Evaluation of ventriculoperitoneal shunt infection incidence and preoperative antibiotic prophylaxis in children

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Mehmet Tekin


Aim: Hydrocephalus is a common condition in neurosurgical practice in patients of all ages. Despite significant advances in the technology and design of ventriculoperitoneal (VP) shunt systems, shunt failure remains a major problem in neurosurgical clinics. Antibiotic prophylaxis is an important step in protocols to prevent VP shunt infections. In this study, we investigated VP shunt infection incidence and VP shunt infection prophylaxis used in pediatric hydrocephalus cases at our center and the parameters that may influence shunt infection.

Materials and Methods: Between 01/01/2018 and 01/01/2023, cases younger than 18 years of age who underwent VP shunt surgery in our hospital were included in the study. Clinical data and demographic information were retrospectively obtained from medical records. The primary results of our study were the frequency of VP shunt infection in the first 3 months after surgery and whether there was a difference in shunt infection between antibiotic applications used for prophylaxis. Other factors that may influence VP shunt infection were evaluated as secondary outcomes.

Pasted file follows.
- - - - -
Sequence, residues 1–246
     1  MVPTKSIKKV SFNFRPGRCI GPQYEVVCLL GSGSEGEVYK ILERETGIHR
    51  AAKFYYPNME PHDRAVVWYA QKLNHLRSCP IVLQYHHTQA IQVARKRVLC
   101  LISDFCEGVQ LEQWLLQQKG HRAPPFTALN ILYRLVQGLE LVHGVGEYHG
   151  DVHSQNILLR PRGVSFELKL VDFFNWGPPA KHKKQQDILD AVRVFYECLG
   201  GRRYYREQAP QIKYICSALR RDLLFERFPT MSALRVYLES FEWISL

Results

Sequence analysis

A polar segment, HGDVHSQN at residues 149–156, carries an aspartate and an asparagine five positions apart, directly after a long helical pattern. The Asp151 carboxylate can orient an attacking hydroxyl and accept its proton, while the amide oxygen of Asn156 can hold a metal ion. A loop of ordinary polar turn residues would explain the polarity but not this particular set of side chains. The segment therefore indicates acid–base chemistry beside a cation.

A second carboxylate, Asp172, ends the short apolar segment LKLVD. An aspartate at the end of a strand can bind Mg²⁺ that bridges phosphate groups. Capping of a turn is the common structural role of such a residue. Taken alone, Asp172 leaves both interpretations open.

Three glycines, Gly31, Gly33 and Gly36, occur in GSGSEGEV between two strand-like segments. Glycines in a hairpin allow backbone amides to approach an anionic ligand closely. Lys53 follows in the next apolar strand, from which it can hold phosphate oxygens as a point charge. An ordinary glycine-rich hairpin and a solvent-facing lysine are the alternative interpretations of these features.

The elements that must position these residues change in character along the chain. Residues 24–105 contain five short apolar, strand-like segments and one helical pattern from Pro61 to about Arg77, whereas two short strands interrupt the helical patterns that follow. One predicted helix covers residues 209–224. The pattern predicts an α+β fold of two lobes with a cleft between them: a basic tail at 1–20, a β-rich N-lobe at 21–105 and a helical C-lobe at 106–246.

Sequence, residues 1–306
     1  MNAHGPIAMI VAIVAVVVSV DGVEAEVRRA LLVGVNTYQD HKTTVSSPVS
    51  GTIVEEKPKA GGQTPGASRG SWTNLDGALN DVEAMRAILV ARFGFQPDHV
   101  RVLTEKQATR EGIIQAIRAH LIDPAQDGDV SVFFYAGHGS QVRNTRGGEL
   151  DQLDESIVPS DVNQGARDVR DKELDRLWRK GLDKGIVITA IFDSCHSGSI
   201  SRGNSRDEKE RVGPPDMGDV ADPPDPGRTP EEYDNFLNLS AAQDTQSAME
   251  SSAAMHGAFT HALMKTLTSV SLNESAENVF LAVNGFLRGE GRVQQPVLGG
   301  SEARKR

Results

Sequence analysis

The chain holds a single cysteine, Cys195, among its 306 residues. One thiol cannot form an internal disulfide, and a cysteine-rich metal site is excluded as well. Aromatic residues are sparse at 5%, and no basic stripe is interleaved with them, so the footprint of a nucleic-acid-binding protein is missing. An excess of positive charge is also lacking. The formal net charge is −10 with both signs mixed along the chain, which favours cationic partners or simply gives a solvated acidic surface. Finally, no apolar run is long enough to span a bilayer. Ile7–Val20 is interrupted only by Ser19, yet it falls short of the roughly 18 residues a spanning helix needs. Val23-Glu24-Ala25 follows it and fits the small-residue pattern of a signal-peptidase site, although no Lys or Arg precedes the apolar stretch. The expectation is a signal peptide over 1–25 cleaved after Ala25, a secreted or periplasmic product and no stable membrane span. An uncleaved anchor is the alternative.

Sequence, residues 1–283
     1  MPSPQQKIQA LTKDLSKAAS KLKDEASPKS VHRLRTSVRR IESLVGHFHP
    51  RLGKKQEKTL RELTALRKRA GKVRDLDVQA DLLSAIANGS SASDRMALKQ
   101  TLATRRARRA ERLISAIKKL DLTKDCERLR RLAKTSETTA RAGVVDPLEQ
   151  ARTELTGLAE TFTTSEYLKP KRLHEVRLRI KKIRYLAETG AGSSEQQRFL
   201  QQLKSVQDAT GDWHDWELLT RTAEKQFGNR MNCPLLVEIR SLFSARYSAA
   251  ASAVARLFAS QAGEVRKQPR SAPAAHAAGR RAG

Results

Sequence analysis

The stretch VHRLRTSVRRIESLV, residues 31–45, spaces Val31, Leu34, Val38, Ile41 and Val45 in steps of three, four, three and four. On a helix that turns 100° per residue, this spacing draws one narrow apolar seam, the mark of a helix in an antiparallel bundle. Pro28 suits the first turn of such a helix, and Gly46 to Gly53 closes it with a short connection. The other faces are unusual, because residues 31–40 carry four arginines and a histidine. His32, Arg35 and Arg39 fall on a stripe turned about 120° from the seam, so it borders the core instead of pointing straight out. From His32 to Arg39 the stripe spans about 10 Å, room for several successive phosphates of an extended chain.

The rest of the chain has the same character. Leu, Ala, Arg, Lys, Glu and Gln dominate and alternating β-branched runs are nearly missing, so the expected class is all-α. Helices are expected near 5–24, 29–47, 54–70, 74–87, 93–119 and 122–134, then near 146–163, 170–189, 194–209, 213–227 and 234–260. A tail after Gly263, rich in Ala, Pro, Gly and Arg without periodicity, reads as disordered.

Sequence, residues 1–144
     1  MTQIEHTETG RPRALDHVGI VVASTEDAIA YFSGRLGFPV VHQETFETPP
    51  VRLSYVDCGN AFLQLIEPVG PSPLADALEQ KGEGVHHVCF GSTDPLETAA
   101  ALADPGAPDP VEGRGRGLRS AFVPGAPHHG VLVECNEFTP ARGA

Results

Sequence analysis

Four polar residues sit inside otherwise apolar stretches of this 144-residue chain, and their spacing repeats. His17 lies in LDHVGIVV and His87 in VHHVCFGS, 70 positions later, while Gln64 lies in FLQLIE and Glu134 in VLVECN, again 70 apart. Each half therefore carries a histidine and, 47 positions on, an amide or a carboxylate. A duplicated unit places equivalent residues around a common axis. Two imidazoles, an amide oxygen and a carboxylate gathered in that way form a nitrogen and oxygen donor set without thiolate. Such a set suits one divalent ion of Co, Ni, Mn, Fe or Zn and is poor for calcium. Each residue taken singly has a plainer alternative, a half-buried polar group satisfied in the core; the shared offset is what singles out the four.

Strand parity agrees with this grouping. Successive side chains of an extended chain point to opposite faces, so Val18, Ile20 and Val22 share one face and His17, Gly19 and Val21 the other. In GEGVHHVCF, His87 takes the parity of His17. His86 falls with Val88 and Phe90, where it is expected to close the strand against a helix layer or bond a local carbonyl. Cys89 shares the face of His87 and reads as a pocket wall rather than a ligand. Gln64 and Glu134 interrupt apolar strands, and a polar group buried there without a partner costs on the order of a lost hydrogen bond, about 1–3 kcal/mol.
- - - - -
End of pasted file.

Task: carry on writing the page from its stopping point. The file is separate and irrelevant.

Results: Within a 5-year period, 28 cases were identified that met our study criteria. The overall rate of VP shunt infections was 21.4%. In 85.7% of patients, 3rd-generation cephalosporins were used for prophylaxis, and in the others (14.3%), 1st-generation cephalosporins were used. VP Shunt infections did not occur in patients receiving 1st generation cephalosporins. However, possibly due to the limited number of cases, no statistical significance (p=0.549) was detected between the groups. There was no statistical difference in other demographic data between the groups with and without VP shunt infection.

Conclusion: In our patient group, which was predominantly infants, prophylactic use of 1st-generation cephalosporins to prevent VP shunt infection showed similar efficacy to the use of 3rd-generation cephalosporins. 1st-generation cephalosporins should be preferred, especially in terms of reducing costs and resistant infections.


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Tekin, M. (2024). Evaluation of ventriculoperitoneal shunt infection incidence and preoperative antibiotic prophylaxis in children. Annals of Medical Research, 31(5), 350–353. Retrieved from http://www.annalsmedres.org/index.php/aomr/article/view/4686
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